The Melange New Musical Theatre Festival is organised by students from the Goldsmith, University of London MA Musical Theatre course and as its name suggests is a mixed collection of four new short works, presented as a double bill each performance. Such an enterprise is to be admired for its effort and creativity from the producers, composers, and artistes and no doubt provides amazing and rewarding learning and the trials and tribulations and joy of staging new work.

Any new musical takes time to develop and audience familiarity with the musical styles and content helps make an immediate impact. Many in the audience were friends and family and had that familiarity and responded enthusiastically to the work. As a reviewer, coming fresh to both pieces it is more difficult.

The black box environment of the Tristan Bates, fifteen minutes to set the stage and I am sure tiny production budgets places additional constraints on the show’s creators. On this first night we were treated to two very different pieces of work.

Friday, 13 July 2018

REVIEW: Locked Up at the Tristan Bates Theatre

This premiere of a new play written by Heather Simpkins, Locked up, produced by bear in the air productions and staged at the Tristan Bates Theatre is to be applauded for its intent: a London professional debut for the author and a young theatre company trying to develop new talent. The premise is simple, Declan , played by bear in the air founder , Samuel Ranger finds himself in a small brick room ten paces by ten paces square with no obvious door or windows when he suddenly finds he is joined by Topher, played by Connor Cook. Should they trust each other in order to work out where they are, why they are there and how to get out?

It is a sort of cross between Harold Pinter's The Dumb Waiter and Anthony Horowitz’s Mindgames as the relationship between the two men plays with the truth and reality of their situation and the threat of an unseen force outside of the room. In both these plays the room itself is like a third character. However in this play the room is implied by a low wall and grey curtains that flutter as the cast move and the action never consistently grabs the attention of the audience. In part this is as a result of the limitations of the venue and production budgets although in the Park Theatre’s Building the wall, the claustrophobic confined space of a cell was created much more effectively.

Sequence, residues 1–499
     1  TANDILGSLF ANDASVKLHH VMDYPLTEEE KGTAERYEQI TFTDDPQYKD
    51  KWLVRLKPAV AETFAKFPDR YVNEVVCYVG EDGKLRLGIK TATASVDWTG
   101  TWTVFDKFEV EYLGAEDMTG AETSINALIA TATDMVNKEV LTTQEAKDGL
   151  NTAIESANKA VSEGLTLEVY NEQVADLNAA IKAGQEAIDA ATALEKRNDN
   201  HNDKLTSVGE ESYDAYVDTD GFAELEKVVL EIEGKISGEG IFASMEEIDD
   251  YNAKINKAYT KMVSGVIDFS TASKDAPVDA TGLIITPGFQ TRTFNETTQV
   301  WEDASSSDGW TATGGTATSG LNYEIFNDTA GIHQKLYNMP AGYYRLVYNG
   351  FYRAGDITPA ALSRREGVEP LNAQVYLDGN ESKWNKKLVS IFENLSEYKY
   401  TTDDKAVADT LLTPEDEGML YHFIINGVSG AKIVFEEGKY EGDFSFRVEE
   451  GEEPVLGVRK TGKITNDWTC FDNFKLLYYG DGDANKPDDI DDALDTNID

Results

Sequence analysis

Sunday, 21 January 2018

REVIEW: Bunny at Tristan Bates Theatre

Sparking controversy since 2010, Jack Thorne's Bunny is a challenging play on both sides of the stage. During a seventy-minute single act, audiences are taken on a rollercoaster monologue of casual violence, discrimination and shame, led by a confused but certainly outspoken schoolgirl from Luton. 

Katie (Catherine Lamb) has just turned 18 and is enjoying her first proper relationship with a guy who's older than her and black. Luckily, her parents read the Guardian, therefore open-minded enough to tolerate his ethnicity in a town where black, Asian and white people don't mix. 

Since the playwright has been frequently accused of promoting racism and social division, the delivery of these lines is vital to their interpretation as a sarcastic criticism of the current climate, rather than a way of endorsing it. 

Friday, 26 September 2014

REVIEW: Shoot, I didn't mean that/The Last Days of Mankind at The Tristan Bates theatre

The Tristan Bates theatre has opened its autumn season with a double-bill of plays that echo each other with stories going from after World War I to today.  These are Shoot, I didn’t mean that by Catriona Kerridge and The Last Days of Mankind: The Last Night by the Austrian Karl Kraus. What originally inspired this production is Time Zone Theatre and Austrian director Pamela Schermann, who invited British playwrights to respond to Kraus’s The Last Days of Mankind and is now presenting the winning playwright’s work. The result is tense and controversial.

Shoot, I didn’t mean that presents us with four very different girls and women who are in some way connected to the cynicism behind wars and politics. 

Firstly, two schoolgirls are struggling to stay still during two minutes of silence on Remembrance Day. “I really want to see War Horse”, one of them says. We ask ourselves: is that really all she can associate with World War I? And is it her fault, actually? Later, she and her friend plan to travel to Syria, or Iran, or Irak ("same thing") in order to witness something big. While they are used to watching war zones on the news, they don't realise that these do not represent the entire geographic area. 
Blog Design by pipdig